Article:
When he was 18 months old, he used a flathead screwdriver to take every knob off his grandmother's kitchen cabinets, then he put them back on. For his sixth birthday all he asked for was an air compressor. By age 8, instead of toys, he wanted Bunsen burners, beakers and kits from Radio Shack for building buzzers and robots. That summer he went to engineering camp at Perkins Elementary School and ended up helping the college students teach the class.
Now at age 12, Alex Hessler rides around on the hovercraft he made out of plywood and a leaf blower. He melts lead in the furnace he built in the backyard and knows how to make hydrogen from solar panels, salt water and aluminum plates.
"I just came home from a walk and there's vinegar and baking soda and flour out on the counter," Nancy Hessler, Alex's mom, said recently. "I should find out what's he's been doing."
Most kids are consumed with soccer practice, swim meets or art projects. Others are destined to be mad scientists. Or contortionists or future stars of the bowling league. When they want to throw themselves into something their parents never dreamed of or know nothing about, what's a Momma to do?
"You kind of have to let them do it. I think kids just are who they are when they are born," Hessler said. "(Science) is truly his passion and I think what he'll end up doing for a living. The more experience he has now, the better." She's convinced her son researches what he's doing enough not to accidentially burn the house down. He wears safety goggles and respects the risk of danger.
One thing about Alex's eccentric interest that wears her down is his messy workshop, which is also his bedroom.
"I spent three days cleaning it one time when he was on a trip to NASA. When he came home he was devastated," she recalled. "It's a wreck, but he has proven he knows where everything is." Alex's former third-grade teacher has visited their house and assured Hessler that her son's disaster area of a room is his comfort zone, where he feels free to learn and create.
Under the Big Top
A messy room is the least of Kristine Slater's concerns when it comes to her daughter Emily's passion: circus art.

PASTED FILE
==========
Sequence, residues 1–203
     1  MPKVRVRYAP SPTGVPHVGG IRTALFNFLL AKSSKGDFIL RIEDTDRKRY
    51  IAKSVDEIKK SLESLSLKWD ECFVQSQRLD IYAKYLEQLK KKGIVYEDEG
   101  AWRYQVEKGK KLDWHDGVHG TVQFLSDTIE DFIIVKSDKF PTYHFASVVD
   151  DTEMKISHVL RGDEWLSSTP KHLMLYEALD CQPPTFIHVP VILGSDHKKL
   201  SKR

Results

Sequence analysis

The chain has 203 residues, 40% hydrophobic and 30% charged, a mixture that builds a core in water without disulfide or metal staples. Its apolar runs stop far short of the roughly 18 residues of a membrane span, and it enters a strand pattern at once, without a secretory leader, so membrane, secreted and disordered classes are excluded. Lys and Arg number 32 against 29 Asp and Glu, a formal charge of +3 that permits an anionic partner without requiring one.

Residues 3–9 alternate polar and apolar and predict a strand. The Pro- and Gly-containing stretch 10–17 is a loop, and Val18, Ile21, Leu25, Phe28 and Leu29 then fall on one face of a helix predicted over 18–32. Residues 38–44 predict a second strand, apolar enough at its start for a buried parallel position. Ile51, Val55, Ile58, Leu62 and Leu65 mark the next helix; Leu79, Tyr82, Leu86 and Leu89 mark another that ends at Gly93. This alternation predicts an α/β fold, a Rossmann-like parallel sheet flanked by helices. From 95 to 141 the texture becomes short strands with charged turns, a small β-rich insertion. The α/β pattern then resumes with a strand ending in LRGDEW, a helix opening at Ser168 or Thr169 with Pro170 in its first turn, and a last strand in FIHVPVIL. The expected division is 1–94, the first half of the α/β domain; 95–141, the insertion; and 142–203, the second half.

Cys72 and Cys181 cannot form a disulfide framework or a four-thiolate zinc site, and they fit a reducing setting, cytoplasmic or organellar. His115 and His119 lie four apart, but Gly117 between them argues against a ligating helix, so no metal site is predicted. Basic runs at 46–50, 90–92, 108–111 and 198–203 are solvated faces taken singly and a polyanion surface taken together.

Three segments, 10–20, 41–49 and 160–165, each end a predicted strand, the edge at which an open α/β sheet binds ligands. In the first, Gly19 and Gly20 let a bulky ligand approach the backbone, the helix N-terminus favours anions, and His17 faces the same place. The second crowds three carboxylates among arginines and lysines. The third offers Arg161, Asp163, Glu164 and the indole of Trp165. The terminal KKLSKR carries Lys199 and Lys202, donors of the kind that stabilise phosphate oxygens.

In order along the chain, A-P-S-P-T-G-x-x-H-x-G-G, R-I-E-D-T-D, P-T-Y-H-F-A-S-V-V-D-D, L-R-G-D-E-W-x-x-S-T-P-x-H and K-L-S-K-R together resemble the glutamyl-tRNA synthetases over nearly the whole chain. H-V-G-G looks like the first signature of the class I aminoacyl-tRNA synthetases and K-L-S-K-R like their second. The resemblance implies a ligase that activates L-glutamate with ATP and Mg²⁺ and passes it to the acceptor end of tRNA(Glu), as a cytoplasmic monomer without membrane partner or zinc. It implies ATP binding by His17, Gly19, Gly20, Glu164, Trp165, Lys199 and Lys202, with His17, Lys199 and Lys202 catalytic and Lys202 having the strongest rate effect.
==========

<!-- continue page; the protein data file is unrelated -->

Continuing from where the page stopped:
"She's all the way up to the ceiling when she does the drapery," the Clearwater mom of three said recently. "I pretty much have to put my trust in God and Beth (Emily's instructor) that she knows what she's doing."
Beth Bryer is the owner of B.B. Dance Factory in Clearwater, where about 75 students, from age 5 to adults, learn dance, tap, jazz and circus art such as acrobatics, tumbling, contortion and trapeze. Emily, who is a second-grader at Plum Elementary School, was a talented gymnast who quickly decided she didn't want to spend all her weekends competing.
"The circus art is more fun for her," her mom said, though not always fun for her parents. When Emily performs on stage high above the floor, there is no mat.
"Many times we have suggested maybe she should stick with a more normal activity. My husband tried to steer her back to gymnastics and I said stick with dance," Slater added. "But I believe in watching my kids and seeing what they enjoy doing and what they are really good at. They kind of guide me in what I support them in and don't support."
Emily Benham of Tampa echoes the sentiment. In the two-and-a-half years since her 10-year-old son, Josh, tried a summer bowling league, then joined a year-round Saturday morning league, she and her husband have given him his own bowling shoes and three different bowling balls as he has progressed. The fourth-grader at SunFlower School in Gulfport is now up to an 8-pound ball.
"And he has a one-handed glove, which I guess you need. My husband and I do not come from bowling families, so I had no idea about any of this," she said. "We were looking for something that he would just love to do, so we tried bowling and it has been great." Josh is in a kids' league at the Pinarama Bowling Center in South Tampa. He joins about 30 kids ages 5 to 15 every Saturday morning to bowl.
"He gets instant gratification, he loves math and keeping track of the scores, it's an individual sport yet he's still part of the league so he's with other kids," Benham added. "And that ball is pretty darn heavy, so he gets a workout. From our perspective, we don't mind being inside the air conditioning in the summer and dodging the storms at other times."
Another benefit of a child trying an activity parents know little or nothing about is that Mom and Dad can't become overbearing sideline coaches.
"I read all the rules and I didn't understand them," Benham said with a laugh. "So we can't over coach him. We just cheer him on."
Katherine Snow Smith is the editor of Go Momma magazine.